(and about tests) Re: Pedantic pickling error after reload?

Robert no-spam at non-existing.invalid
Fri Feb 26 13:04:38 CET 2010

Diez B. Roggisch wrote:
> Am 25.02.10 18:08, schrieb Robert:
>> After (intended/controlled) reload or similar action on a module/class
>> the pickle/cPickle.dump raises errors like
>> pickle.PicklingError: Can't pickle <class 'somemodule.SomeClass'>: it's
>> not the same object as somemodule.SomeClass
>> Cause in pickle.py (and cPickle) is a line
>> "if klass is not obj:"
>> Shouldn't it be enough to have "if klass.__name__ != obj.__name__:"
>> there?
> No. This would alias classes of same name, but living in different modules.
> So at least you need to compare these, too. I'm not sure if there aren't

at that point of comparison the module is already identical 
("klass = getattr(mod, name)")

> even more corner-cases. Python's import-mechanism can sometimes be
> rather foot-shoot-prone.

still don't see a real reason against the mere module+name 
comparison. same issues as during pickle.load. Just the class 
object is renewed (intentionally)

If there are things with nested classes etc, the programmer will 
have to rethink things on a different level: design errors. a 
subject for pychecker/pylint - not for breaking pickle .dump ... ?

>> => a bug report/feature request?
>> Classes can change face anyway during pickled state, why should a
>> over-pedantic reaction break things here during runtime?
>> (So far I'd need to walk the object tree in all facets and save against
>> inf loops like pickle himself and re-class things .. )
> If anything it's a feature - and I doubt it's really needed. Because
> reloading pickles with intermittend reload-module-operations is to rare
> a case to be really supported IMHO.

well, reloading is the thing which I do most in coding practice :-)
For me its a basic thing like cell proliferation in biology.

In my projects particularly with GUI or with python based http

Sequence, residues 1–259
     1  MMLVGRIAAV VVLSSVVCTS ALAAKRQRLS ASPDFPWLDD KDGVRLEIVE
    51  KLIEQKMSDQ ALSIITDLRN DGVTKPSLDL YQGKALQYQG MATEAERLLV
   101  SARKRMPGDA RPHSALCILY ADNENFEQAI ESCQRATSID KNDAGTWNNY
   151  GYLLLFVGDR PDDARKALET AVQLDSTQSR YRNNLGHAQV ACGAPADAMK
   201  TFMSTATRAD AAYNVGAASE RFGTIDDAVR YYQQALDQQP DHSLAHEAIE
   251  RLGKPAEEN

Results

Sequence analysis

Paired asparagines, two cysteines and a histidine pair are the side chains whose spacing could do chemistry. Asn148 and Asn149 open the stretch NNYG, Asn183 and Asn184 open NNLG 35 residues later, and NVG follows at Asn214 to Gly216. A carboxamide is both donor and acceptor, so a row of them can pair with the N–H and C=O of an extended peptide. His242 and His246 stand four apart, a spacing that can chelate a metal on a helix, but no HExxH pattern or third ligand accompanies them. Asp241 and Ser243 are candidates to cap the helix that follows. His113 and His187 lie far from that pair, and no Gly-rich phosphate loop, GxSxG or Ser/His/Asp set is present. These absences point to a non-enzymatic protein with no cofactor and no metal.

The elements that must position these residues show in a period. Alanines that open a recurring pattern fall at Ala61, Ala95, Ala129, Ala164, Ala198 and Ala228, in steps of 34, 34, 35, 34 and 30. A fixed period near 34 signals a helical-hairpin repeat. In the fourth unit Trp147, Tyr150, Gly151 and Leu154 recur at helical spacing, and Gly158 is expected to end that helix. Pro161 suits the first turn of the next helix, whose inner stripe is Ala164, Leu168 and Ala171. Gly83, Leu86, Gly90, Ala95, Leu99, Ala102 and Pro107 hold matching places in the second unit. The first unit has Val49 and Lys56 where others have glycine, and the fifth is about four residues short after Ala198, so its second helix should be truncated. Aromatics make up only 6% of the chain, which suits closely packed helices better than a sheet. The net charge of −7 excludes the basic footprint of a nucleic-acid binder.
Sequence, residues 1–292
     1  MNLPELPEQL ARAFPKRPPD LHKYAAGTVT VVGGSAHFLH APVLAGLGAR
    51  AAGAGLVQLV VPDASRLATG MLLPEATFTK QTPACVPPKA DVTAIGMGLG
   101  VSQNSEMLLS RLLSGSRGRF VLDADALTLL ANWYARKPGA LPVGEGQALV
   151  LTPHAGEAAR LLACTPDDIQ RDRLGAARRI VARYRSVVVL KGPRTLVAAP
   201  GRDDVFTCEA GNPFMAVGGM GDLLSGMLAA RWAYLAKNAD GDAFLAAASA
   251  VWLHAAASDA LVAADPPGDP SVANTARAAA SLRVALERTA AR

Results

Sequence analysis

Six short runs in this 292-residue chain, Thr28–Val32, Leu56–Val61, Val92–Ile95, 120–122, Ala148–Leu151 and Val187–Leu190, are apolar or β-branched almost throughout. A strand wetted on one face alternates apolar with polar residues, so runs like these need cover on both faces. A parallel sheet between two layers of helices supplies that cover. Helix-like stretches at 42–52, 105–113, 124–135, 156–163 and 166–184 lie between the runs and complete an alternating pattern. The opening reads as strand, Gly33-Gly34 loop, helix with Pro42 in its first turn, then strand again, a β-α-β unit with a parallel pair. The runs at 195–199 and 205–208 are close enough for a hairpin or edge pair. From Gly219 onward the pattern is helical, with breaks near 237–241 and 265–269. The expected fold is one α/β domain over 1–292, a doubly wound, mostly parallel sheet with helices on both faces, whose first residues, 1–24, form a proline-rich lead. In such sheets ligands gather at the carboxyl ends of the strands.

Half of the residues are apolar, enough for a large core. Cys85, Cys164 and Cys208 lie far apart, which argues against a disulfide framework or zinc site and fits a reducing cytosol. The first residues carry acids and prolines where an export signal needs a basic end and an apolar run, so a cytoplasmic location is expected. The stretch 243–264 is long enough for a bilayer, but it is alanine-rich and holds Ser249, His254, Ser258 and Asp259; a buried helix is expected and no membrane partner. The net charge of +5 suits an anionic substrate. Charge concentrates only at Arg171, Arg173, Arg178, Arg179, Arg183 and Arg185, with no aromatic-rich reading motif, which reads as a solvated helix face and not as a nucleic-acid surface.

serving, I typically support good live module reloadabily even 
actively by some extra little "reload support code" (which fixes 
up the .__class__ etc of living Windows tree, main objects, 
servers ... plus a ´xisinstance´ in very few locations) - at least 
I do this for the frequently changing core modules/classes.
This way I feel a edit-run cycle >2x faster when the project is 
getting bigger and bigger, or when developing things out 
interactively. Code is exchanged frequently while living objects 
stay for long ... works well in practice.

Reentering into the same (complex) app state for evolving those 
thousands of small thing (where a full parallel test coverage 
doesn't work out) is a major dev time consuming factor in bigger 
projects - in C, Java projects and even with other dynamic languages.
Dynamic classes are a main reason why I use Python (adopted from 
Lisp long time ago; is that reload thing here possible with Ruby too?)

I typically need just 1 full app reboot on 20..50 edit-run-cycles 
I guess. And just few unit test runs per release. Even for 
Cython/pyximport things I added support for this reload 
edit-run-cycle, because I cannot imagine to dev without this.

Just standard pickle issues stood in the way. And this patch (and 
a failover from cPickle to pickle) did well so far.

> Do yourself a favor, write a unit-test that tests the desired behavior
> that makes you alter your code & then reload. This makes the problem go
> away, and you have a more stable development through having more tests :)

this is a comfortable quasi religious theory raised often and 
easily here and there - impracticable and very slow on that fine 
grained code evolution level however. an interesting issue.

I do unit tests for getting stability on a much higher level 
where/when things and functionality are quite wired.
Generally after having compared I cannot confirm that "write 
always tests before development" ideologies pay off in practice.
"Reload > pychecker/pylint > tests" works most effectively with 
Python in my opinion.
And for GUI-development the difference is max.
(min for math algorithms which are well away from data structures/OO)

Another issue regarding tests IMHO is, that one should not waste 
the "validation power" of unit tests too easily for permanent low 
level evolution purposes because its a little like bacteria 
becoming resistent against antibiotics: Code becoming 'fit' 
against artificial tests, but not against real word.
For example in late stage NASA tests of rockets and like, there is 
a validation rule, that when those tests do not go through green, 
there is not just a fix of the (one) cause - screwing until it 
works. the whole thing is at stake.
And the whole test scheme has to be rethought too. ideally, 
whenever such a late test brakes, it requires that a completely 
new higher test has to be invented (in addition) ... until there 
is a minimal set of "fresh green lights" which were red only 
during there own tests, but never red regarding the real test run.

A rule that unit tests are used only near a release or a milestone 
is healthy in that sense I think.
(And a quick edit-(real)run-interact cycle is good for speed)


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